cloud and Millennials

How will the cloud affect the future of mobility?

Cloud computing means something a little different to everyone. To average consumers, the cloud is there to hold things: their pictures, their documents and the backups. To large corporations, the cloud is a somewhat fickle entity that seems at times a highly secure place to store sensitive information and others a playground for anonymous hackers. To a member of an IT staff, the cloud is a physical thing, a bank of computers in a humming room, just like any other data center. Although a cloud is a nice analogy for what this technology can do, it doesn’t accurately describe reality. At the end of the day, the cloud is just another computer with access to the web.

But that doesn’t mean the cloud is any less fascinating or useful, especially to enterprises looking to decentralize their workforces.

The mobile workforce is always connected
When you look at a traditional workplace, you can clearly see how all of the moving pieces are connected. On a basic level, the entire operation resides under a single roof. But more than that, you could follow a memo or sit in on a meeting to see just how each of the departments interact. Things get trickier when employees start moving out into the field. Some companies have always had mobile employees, but gone are the days of sending them out of the office only to hear from them once or twice a day. Nowadays, the mobile workforce is always connected.

The National Institute of Standards and Technology reported that cloud computing is already being implemented across a wide variety of fields. Even low-tech gadgets have some connectivity to the internet, allowing the home office to keep track of worker productivity and location and to collect GIS data. The way this technology is used depends heavily on the industry, of course. Some organizations may use cloud computing to gather data from the field  and compile it into one centralized location for storage or analysis. In other cases, the employees may be doing their jobs entirely through the cloud. Small startups particularly are taking advantage of the fact that teams no longer need to be located in the same room, city, state or even country.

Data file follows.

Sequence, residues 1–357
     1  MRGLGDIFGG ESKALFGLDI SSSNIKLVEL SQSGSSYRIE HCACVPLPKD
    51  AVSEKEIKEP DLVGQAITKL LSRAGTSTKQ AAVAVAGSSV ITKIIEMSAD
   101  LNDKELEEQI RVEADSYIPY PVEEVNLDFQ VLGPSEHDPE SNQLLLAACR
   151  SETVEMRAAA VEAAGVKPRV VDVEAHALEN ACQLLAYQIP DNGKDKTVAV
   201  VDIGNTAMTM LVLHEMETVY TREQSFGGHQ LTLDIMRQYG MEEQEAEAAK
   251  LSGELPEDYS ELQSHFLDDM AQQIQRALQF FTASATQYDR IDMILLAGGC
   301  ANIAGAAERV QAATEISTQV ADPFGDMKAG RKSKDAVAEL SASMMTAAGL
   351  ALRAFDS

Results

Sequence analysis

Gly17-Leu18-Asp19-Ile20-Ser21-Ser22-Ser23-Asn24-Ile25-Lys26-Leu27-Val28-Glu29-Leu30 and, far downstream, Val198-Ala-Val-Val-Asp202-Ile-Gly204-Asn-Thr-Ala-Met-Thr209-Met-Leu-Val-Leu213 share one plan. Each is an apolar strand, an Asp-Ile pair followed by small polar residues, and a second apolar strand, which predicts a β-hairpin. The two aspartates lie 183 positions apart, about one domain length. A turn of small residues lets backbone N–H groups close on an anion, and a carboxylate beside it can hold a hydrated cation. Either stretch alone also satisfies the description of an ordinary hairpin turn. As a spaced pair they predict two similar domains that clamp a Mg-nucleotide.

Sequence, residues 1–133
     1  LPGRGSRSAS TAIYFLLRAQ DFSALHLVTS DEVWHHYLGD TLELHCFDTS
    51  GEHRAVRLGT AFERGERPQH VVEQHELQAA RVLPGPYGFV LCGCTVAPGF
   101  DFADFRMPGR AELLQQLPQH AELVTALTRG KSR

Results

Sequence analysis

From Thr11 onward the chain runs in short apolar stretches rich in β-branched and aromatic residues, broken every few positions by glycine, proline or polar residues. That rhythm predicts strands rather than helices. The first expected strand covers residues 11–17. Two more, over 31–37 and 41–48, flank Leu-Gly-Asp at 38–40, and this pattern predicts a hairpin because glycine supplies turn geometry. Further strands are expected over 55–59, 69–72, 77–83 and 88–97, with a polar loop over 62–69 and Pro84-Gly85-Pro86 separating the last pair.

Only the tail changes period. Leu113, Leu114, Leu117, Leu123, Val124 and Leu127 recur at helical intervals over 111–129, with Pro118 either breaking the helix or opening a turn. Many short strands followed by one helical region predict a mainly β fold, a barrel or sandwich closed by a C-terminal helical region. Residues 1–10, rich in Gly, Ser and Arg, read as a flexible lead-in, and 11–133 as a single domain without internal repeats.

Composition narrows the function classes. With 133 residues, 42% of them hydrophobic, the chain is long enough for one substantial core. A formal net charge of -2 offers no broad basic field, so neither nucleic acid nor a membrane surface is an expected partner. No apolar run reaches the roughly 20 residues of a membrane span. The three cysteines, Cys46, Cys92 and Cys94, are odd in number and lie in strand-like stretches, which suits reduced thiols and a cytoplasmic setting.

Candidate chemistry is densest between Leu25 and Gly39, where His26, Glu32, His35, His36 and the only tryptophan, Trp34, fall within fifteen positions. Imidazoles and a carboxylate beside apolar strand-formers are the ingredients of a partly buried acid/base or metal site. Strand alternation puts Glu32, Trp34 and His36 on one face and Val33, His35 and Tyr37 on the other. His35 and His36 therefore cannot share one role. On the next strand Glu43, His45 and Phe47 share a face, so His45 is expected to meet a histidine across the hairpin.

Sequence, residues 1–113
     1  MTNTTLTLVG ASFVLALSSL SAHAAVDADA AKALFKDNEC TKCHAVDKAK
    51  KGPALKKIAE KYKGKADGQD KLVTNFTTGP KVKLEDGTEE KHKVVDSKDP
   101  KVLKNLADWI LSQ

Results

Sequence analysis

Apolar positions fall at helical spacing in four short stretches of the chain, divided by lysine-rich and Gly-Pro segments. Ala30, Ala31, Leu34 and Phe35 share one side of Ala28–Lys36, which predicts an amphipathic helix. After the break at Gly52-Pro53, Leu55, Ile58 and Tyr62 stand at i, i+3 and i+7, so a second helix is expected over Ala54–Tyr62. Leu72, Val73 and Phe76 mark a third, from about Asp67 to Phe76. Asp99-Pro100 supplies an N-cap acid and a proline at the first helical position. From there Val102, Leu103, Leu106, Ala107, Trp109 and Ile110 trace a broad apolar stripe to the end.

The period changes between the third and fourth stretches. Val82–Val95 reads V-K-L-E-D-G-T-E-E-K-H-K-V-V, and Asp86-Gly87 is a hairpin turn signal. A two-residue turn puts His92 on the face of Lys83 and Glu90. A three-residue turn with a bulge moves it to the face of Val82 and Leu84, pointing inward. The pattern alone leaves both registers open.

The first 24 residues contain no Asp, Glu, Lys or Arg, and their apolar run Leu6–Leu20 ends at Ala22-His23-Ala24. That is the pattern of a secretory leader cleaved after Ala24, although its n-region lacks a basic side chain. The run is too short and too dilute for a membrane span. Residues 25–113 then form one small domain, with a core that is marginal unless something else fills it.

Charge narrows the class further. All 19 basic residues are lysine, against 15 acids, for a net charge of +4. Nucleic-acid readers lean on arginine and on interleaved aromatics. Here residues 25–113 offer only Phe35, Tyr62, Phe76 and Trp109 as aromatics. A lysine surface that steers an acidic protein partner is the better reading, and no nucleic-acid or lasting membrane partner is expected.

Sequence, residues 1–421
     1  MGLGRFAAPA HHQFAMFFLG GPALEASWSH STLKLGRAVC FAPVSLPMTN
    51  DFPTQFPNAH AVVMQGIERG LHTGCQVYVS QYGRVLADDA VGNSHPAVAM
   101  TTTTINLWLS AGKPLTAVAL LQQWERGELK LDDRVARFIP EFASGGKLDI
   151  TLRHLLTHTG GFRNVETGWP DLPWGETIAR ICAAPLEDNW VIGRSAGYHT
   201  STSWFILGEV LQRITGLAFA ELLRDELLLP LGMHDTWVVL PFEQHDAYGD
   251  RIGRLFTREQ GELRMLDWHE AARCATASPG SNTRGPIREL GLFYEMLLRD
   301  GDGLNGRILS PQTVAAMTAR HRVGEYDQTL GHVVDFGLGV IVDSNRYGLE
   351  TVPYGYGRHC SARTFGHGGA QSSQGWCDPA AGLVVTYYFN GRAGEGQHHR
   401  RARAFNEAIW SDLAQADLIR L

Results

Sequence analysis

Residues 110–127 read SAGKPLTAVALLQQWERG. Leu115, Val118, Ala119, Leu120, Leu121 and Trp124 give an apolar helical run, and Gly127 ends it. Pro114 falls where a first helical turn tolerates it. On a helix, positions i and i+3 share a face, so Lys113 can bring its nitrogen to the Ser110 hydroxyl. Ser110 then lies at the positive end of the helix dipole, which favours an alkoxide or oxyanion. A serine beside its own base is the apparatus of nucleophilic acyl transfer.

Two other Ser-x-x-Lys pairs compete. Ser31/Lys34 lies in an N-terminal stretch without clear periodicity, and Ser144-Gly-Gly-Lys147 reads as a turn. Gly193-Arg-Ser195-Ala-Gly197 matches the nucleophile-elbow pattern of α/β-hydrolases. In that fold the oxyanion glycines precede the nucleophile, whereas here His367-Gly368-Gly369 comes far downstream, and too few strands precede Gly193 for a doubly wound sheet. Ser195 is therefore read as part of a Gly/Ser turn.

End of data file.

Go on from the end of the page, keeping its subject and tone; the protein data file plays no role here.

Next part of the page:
The mobile workforce looks quite different from it's traditional predecessor. The mobile workforce looks quite different from its traditional predecessor.

Cloud capabilities of the future
Future innovations in technology make remote workers more productive and make connectivity easier than ever before. However, the future of this tech is heavily dependent on strengthening security and increasing the level of knowledge associated with it. Major problems can occur when a mobile worker connects to a secure cloud system from an insecure network, for instance. The entertainment and health care industries have already had to deal with data breaches – the internet is full of warning headlines. These incidents are enough to make some companies rethink their mobile strategies.

x_0_0_0_14116600_300Nevertheless, the cloud is the future – there’s not much doubt about that. Whether workers are performing tasks from the other side of the city or from the other end of the globe, measures must be taken to ensure productivity advances are met with equal advances in security measures. Computerworld reported that IT teams often have to work with employees who have very little understanding of these security concerns. The workers are technology-literate enough to use the cloud’s features, but don’t know much about the backend. Perhaps education is the future of the cloud – the more people that understand how it works, the less frequent cyber attacks could be. Mobility is about taking advantage of the global economy, and while the cloud is what makes that idea tick, it has to be leveraged in a way that protects private information.